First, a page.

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Bradley v. American Electric Power

United States District Court, E.D. Texas

September 16, 2019

John W. Bradley, Plaintiff,
American Electric Power, Defendant.

          Before Barker, District Judge



         Defendant's motion to dismiss (Doc. 6) is before the court on review of the report and recommendation (Doc. 10) issued by Magistrate Judge K. Nicole Mitchell. The court previously adopted the report's conclusion that plaintiff failed to show good cause supporting a mandatory extension of the deadline for service of process. Doc. 24. As to the question whether a discretionary extension is warranted, the court reserved judgment and ordered further briefing because it appeared from the pleading that denying an extension would not work prejudice in the form of occasioning a new time-bar defense.

         Plaintiff has now amended his complaint to state that he received his EEOC right-to-sue letter on December 12, 2017, as opposed to the December 7, 2017 date of receipt alleged in his original complaint. Doc. 25. Accordingly, the 90-day time bar no longer appears applicable from the face of the complaint, although defendant states an intent to dispute the pleaded facts. The 90-day time bar would apply if plaintiff were to refile this action after a Rule 4(m) dismissal, due to the intervening lapse of time. The court assigns that consequence significant weight in favor of a discretionary extension. That weight is tempered here somewhat because, as defendant notes, dismissal would not occasion a time bar to the entire action if refiled, but rather only the Title VII claims.

         Other factors cut against a discretionary extension. First, plaintiff does not claim that defendant was “evading service or conceal[ing] a defect in attempted service, ” as might justify an extension. Fed.R.Civ.P. 4(m) adv. comm. note (1993).

         Second, it took over eight months for plaintiff to serve process, and no effort at service was made in that time. Cf. Gartin v. Par Pharmaceutical Companies, Inc., 561 F.Supp.2d 670 (E.D. Tex. 2007), aff'd, 289 Fed.Appx. 688 (5th Cir. 2008) (unpublished) (entering Rule 4(m) dismissal after seven months of total inactivity).

         Third, although plaintiff initially fled this suit pro se, plaintiff is now represented but fails to offer any evidence of when before his counsel's June 22, 2018 appearance plaintiff formed an attorney-client relationship with his counsel. That makes it difficult to assess the weight to attach to plaintiff's initial pro se fling status. And even “[p]ro se status does not excuse a litigant's complete failure to effect service.” Sys. Signs Supplies v. Dep't of Justice, 903 F.2d 1011, 1013 (5th Cir. 1990).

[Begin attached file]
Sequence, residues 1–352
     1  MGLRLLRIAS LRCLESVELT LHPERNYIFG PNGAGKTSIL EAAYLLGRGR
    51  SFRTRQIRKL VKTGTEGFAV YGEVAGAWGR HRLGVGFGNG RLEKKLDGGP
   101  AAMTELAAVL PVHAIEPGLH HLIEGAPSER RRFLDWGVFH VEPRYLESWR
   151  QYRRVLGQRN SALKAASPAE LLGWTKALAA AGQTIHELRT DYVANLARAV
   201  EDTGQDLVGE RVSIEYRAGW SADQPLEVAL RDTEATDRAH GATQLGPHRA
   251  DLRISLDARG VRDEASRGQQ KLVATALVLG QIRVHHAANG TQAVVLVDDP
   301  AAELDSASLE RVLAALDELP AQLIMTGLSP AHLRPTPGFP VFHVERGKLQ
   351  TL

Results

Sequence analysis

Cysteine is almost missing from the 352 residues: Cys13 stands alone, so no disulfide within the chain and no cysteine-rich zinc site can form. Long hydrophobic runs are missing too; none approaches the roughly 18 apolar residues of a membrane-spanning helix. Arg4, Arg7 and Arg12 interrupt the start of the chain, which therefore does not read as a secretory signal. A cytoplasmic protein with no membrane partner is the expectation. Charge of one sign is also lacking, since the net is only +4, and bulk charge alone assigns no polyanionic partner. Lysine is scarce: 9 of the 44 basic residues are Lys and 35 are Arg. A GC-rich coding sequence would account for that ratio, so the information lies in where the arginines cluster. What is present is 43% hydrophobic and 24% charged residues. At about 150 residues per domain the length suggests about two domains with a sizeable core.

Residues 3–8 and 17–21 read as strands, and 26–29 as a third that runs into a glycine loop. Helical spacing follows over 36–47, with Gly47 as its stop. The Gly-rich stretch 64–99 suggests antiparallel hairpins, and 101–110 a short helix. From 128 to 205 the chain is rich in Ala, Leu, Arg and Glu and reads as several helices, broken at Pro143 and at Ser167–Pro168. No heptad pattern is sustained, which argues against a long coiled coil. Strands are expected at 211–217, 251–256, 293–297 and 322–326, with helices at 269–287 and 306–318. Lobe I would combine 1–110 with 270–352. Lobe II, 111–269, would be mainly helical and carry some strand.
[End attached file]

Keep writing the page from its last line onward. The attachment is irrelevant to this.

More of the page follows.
Fourth, even after counsel appeared, service was delayed for four and a half more months without any attempts at service. Plaintiff's counsel mentions health issues and the need to investigate his client's case. But the court gives those concerns reduced weight because plaintiff's counsel offers few specifics, such as when the health issues abated, the length of a reasonable investigation, or why the case could not be referred to other counsel if current counsel could not comply with the federal rules.

         Finally, timely service of process is important. The general open-door policy of the federal rules is balanced by Rule 4's specific requirement of timely service of process and the interests protected by that rule. Service of the complaint puts a defendant on notice to gather facts for a defense when memories, records, and other evidence might otherwise fade away. Timely service of process can thus safeguard a defendant's right to present a defense and promote the speedy administration of justice encouraged by federal rules. Fed.R.Civ.P. 1. See generally Veazey v. Young's Yacht Sale & Service, Inc., 644 F.2d 475, 478 (5th Cir. Unit A 1981) (noting that the timely-service-of-process requirement promotes the same interests as do statutes of limitations). That consideration would have more weight here, and perhaps have led to denying an extension, if defendant had argued potential prejudice to its ability to present a defense. Defendant's motion papers, however, make no such argument. Promoting respect for the federal rules' service-of-process requirements is important. But that can be accomplished here by the monetary sanction ordered below.

         Balancing those considerations, the court is persuaded to enter a discretionary extension of the service deadline to 243 days after the complaint was fled, as to retroactively make service of process timely. The court thus overrules defendant's objections and adopts the magistrate judge's recommendation to deny the motion to dismiss.

         That extension cures plaintiffs past noncompliance with Rule 4's timing requirement. But it does not erase it. Because plaintiff's noncompliance with that rule was without good cause and has not been otherwise persuasively justified, as noted above, the court adopts the magistrate judge's recommendation, to which plaintiff fled no objection, to sanction plaintiff's noncompliance with Rule 4 by ordering plaintiff to pay defendant's reasonable attorney's fees and costs associated with the fling and briefing of its motion to dismiss.


         The court denies defendant's motion to dismiss (Doc. 6). As a sanction for plaintiff's past noncompliance with Rule 4's requirements, the court orders plaintiff to pay defendant's reasonable ...

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